In the Ukraine bill, of the $60.7bn, a total of about $23bn would be used by the US to replenish its military stockpiles, opening the door to future US military transfers to Ukraine. 


Another $14bn would go to the Ukraine Security Assistance Initiative, in which the Pentagon buys advanced new weapon systems for the Ukrainian military directly from US defence contractors.

There is also more than $11bn to fund current US military operations in the region, enhancing the capabilities of the Ukrainian military and fostering intelligence collaboration between Kyiv and Washington, and about $8bn in non-military assistance, such as helping Ukraine’s government continue basic operations, including the payment of salaries and pensions.

The package largely copies the foreign aid proposal passed by the Senate in February, although it designates $10bn of the Ukraine funding as a repayable loan to appease some Republican members.

The Israel bill includes about $4.4bn to replenish depleted US supplies given to Israel; $4bn for missile defence, including the much-vaunted Iron Dome, and $1.2bn for the Iron Beam; and $3.5bn to help Israel buy weapons. There are also provisions to make it easier to supply Israel with US munitions held in other countries.

The bill supporting Taiwan, included more than $8bn for countering Chinese activities, about $3.3bn for submarines and $2bn of military assistance to Taiwan.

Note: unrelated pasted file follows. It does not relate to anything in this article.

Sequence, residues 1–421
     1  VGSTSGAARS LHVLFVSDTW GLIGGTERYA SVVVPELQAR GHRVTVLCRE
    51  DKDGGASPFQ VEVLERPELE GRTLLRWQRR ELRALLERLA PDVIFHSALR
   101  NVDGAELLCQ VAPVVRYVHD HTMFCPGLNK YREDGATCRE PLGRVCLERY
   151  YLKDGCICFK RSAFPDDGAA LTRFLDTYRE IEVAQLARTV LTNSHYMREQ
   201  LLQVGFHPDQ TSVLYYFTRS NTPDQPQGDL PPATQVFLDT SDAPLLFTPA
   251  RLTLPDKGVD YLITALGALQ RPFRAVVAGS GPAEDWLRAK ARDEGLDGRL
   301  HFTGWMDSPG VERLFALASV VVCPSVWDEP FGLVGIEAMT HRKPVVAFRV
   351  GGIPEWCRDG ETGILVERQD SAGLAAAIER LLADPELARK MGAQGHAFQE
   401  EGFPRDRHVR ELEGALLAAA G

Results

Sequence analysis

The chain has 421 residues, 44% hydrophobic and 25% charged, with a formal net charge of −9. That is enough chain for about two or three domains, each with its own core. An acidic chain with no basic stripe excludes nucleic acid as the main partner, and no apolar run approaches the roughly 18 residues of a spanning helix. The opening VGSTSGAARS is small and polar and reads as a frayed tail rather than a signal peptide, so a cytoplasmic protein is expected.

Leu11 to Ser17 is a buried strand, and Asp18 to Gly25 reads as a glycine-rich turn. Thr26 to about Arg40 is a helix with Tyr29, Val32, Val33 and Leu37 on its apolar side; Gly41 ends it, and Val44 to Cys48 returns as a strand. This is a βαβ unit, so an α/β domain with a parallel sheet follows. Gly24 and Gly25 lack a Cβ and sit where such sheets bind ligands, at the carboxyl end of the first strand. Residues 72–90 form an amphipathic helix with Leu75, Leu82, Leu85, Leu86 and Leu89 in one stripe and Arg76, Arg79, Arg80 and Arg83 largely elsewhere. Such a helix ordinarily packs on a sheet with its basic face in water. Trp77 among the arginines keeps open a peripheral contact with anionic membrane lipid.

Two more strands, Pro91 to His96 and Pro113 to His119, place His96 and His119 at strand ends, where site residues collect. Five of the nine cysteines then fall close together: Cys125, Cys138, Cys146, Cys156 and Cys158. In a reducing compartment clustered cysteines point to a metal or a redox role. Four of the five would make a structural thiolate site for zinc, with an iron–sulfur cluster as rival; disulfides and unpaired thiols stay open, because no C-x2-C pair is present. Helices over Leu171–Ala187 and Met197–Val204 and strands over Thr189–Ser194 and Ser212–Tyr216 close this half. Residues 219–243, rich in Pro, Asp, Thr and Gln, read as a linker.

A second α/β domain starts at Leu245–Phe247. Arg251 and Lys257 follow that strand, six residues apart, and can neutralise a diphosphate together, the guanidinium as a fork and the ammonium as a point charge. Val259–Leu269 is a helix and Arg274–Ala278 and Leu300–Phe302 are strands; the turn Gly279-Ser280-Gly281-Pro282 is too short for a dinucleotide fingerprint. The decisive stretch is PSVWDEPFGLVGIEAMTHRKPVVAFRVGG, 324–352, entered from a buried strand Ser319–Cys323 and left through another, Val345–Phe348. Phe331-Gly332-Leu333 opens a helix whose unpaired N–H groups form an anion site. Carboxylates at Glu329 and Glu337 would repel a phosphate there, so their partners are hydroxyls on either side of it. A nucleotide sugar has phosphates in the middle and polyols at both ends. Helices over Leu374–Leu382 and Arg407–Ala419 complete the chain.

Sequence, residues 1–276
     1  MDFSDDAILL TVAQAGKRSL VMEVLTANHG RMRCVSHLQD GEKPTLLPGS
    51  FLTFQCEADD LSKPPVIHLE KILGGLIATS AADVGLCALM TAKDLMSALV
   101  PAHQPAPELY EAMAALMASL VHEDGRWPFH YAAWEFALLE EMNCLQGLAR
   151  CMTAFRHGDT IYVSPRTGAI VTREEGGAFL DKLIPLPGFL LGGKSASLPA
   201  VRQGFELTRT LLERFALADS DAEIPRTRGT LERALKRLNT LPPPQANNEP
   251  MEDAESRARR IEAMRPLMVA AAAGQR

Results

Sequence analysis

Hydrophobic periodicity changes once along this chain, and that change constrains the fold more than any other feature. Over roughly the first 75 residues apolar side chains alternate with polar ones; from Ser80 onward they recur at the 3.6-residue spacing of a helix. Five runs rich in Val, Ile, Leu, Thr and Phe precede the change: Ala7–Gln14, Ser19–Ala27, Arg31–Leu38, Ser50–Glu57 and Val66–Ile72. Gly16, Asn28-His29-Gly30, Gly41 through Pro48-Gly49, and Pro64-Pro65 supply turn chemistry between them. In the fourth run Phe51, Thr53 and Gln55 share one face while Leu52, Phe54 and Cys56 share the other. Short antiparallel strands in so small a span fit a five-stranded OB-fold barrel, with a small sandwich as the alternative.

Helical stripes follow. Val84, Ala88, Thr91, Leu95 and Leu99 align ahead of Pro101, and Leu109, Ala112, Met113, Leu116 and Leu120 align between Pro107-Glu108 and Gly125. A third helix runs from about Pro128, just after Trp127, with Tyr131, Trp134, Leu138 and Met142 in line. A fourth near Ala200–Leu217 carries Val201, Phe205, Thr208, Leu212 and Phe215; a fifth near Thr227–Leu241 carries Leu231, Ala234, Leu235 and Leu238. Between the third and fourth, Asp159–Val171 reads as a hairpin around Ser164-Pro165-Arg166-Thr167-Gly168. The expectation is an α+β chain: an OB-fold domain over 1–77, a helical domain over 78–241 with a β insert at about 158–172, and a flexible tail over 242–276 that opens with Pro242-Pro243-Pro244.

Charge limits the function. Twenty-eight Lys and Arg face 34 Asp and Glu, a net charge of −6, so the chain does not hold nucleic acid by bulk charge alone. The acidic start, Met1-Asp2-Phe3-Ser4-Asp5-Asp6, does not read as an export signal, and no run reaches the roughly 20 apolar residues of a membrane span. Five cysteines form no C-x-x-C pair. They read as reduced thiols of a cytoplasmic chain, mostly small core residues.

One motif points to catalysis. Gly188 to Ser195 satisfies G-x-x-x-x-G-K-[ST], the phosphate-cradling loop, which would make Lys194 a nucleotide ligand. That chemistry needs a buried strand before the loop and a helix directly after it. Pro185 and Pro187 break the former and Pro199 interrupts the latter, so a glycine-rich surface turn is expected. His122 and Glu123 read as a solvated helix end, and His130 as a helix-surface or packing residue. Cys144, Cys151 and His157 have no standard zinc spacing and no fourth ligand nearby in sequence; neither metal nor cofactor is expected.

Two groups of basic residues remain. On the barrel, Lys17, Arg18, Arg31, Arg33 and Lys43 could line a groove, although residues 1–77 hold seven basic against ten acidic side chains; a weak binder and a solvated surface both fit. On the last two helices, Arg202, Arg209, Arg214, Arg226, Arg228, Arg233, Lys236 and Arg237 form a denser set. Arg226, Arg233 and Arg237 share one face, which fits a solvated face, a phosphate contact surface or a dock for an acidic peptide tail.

Another bill included a provision to force the Chinese company ByteDance to sell its popular social media app TikTok, which Congress is worried gives China the ability to gain information about American citizens. That bill – the 21st Century Peace through Strength Act – also included the seizure of frozen Russian sovereign assets, and more sanctions on Iran.

In a statement after the vote passed, US President Biden said:


 “Today, members of both parties in the House voted to advance our national security interests and send a clear message about the power of American leadership on the world stage. At this critical inflection point, they came together to answer history’s call, passing urgently needed national security legislation that I have fought for months to secure.

“This package will deliver critical support to Israel and Ukraine; provide desperately needed humanitarian aid to Gaza, Sudan, Haiti and other locations impacted by conflicts and natural disasters around the world; and bolster security and stability in the Indo-Pacific. It comes at a moment of grave urgency, with Israel facing unprecedented attacks from Iran, and Ukraine under continued bombardment from Russia.” He called on the Senate to quickly pass the bill “so that I can sign it into law and we can quickly send weapons and equipment to Ukraine to meet their urgent battlefield needs”.


The US has so far sent Ukraine roughly $111bn in weapons, equipment, humanitarian assistance and other aid since the start of the war more than two years ago.